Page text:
In addition, what can intensify the situation is the organization or leader having the unsaid expectation for staff to be grateful for these efforts.
What you get are the perfect conditions to create conflict between employee resource groups and leaders, a culture of “niceness” (pretending issues don’t exist for the sake of “peace”), failed EDI plans and, quiet quitting.
Understanding what’s required for an apology, it is now possible to consider what’s required for forgiveness.
The general definitions of forgiveness range from the idea of “letting go” to “radical forgiveness”. Dr. Lerner states that, “[radical forgiveness] does not just involve letting go for the sake of the hurt party. It goes further, recognizing the pain of the wrongdoer and wishing that he or she be happy and well.”
This can feel impossible to do.
Consider consistently being passed over for promotions, being underpaid and undervalued, and/or subject to passive aggressiveness, bullying, harassment, homophobia, ableism, misogyny, racism and other forms of discrimination in the workplace.
In these contexts, can impacted staff recognize the regret (or pain) of the organization or leader for policies, procedures and behaviours they now know have harmed their staff? Can these staff members wish that the organization or leader is happy and well, even when the full requirements for a meaningful apology are not met?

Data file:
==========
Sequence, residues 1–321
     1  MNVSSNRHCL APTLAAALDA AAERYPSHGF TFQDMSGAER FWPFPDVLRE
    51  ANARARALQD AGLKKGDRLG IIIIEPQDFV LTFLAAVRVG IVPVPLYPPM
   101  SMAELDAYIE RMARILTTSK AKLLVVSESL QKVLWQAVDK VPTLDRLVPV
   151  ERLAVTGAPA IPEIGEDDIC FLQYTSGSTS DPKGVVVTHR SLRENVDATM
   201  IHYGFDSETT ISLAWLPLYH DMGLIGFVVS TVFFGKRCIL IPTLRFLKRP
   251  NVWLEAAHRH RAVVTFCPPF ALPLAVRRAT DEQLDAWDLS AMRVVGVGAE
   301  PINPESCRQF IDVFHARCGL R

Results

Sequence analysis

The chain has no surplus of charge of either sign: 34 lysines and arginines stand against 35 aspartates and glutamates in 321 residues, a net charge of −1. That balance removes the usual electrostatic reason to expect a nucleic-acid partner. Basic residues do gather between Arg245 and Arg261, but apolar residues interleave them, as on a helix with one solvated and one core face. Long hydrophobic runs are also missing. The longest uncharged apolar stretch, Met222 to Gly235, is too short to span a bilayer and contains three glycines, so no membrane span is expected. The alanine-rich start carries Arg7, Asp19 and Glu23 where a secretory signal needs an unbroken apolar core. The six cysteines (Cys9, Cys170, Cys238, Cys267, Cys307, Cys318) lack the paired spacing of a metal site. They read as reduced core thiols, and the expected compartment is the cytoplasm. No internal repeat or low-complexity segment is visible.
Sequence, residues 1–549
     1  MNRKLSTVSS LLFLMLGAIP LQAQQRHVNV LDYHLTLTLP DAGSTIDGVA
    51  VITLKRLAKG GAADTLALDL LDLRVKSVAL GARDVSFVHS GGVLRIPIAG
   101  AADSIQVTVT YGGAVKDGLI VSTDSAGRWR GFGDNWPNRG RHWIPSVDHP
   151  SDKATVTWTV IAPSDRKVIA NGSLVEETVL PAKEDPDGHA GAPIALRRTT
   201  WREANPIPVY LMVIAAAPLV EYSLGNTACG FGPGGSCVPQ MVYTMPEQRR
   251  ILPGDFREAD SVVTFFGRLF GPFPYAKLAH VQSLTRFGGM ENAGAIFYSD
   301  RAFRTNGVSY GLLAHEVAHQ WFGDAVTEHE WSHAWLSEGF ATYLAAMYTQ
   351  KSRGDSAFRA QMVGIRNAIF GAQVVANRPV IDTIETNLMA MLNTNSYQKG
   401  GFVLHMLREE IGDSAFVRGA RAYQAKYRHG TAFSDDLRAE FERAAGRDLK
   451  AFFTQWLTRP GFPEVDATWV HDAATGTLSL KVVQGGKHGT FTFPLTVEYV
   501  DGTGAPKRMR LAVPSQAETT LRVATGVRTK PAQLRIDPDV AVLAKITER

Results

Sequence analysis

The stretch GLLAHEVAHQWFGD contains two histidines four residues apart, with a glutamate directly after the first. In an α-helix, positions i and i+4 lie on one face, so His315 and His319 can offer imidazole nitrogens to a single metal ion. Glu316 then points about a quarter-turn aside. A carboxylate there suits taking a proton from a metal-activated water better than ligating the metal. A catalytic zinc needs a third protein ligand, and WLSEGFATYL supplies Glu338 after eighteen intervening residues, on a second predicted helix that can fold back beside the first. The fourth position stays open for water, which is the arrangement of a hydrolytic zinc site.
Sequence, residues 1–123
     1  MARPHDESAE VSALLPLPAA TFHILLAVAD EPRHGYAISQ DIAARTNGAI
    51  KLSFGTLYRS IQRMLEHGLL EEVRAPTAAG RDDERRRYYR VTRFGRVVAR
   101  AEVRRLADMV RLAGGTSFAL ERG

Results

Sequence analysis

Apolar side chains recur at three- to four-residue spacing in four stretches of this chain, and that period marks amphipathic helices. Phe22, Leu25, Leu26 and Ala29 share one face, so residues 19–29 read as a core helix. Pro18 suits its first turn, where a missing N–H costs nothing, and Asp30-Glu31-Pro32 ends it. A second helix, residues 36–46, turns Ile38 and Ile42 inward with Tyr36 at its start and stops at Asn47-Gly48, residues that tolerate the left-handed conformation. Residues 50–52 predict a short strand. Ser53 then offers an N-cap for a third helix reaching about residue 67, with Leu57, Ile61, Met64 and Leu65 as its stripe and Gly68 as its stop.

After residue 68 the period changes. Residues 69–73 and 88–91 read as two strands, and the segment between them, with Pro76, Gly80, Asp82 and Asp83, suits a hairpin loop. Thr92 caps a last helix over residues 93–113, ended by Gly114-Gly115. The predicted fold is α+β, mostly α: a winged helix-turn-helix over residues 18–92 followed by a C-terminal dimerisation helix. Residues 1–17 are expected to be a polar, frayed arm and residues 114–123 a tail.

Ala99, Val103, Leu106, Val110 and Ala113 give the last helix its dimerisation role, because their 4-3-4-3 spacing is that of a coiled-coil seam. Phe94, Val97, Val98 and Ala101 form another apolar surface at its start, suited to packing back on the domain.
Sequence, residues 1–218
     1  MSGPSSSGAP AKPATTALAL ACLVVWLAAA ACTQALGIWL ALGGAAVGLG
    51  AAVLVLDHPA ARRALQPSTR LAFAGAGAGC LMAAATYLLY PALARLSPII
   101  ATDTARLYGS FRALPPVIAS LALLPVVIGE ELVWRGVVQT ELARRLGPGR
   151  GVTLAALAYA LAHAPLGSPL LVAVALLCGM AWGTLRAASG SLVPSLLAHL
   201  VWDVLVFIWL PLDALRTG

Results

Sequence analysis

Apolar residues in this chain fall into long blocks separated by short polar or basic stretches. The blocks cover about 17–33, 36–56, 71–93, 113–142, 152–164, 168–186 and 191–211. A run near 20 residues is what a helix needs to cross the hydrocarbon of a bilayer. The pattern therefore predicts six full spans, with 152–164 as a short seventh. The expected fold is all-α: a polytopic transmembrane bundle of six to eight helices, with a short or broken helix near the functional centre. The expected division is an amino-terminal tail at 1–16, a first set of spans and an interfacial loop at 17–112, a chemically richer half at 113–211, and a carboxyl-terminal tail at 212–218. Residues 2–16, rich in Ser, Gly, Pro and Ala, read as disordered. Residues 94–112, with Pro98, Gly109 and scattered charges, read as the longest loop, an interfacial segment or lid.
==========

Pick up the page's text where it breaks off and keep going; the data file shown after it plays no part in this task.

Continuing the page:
The desire for organizations and leaders to want employees to acknowledge their efforts and let go of the past, because of what is being done now for the future, is complicated. It’s complicated, in part, because of the underlying want to be acknowledged and forgiven.
If organizations and leaders want this then, according to Dr. Lerner, the path to forgiveness, if it can be given, is for the leaders or organizations whose actions caused harm to:
- Check-in consistently with the harmed party
- Let them know they are continuing to reflect on what they have caused
- To take action and
- Check to see if this is the action that is meaningful to the hurt/suffering party.
These are the conditions that may lead to forgiveness from harmed parties.
Should apologies be met with forgiveness?
There are so many named, kinda named, and not named expectations when it comes to building healthy workplace cultures.
An unasked question in all of this is: Should apologies be met with forgiveness?
This is a question that should be asked and requires reflection on an individual, team and organization level.
Because not reflecting on the requirements and expectations of apologies and forgiveness undermines efforts to address discrimination and build equitable, diverse and inclusive workspaces.
There are no easy answers but what is revealed, if time is taken to answer the questions highlighted in this post, is clarity of where you, your team and your organization are in your EDI journey. And this clarity will give you the information needed for its success.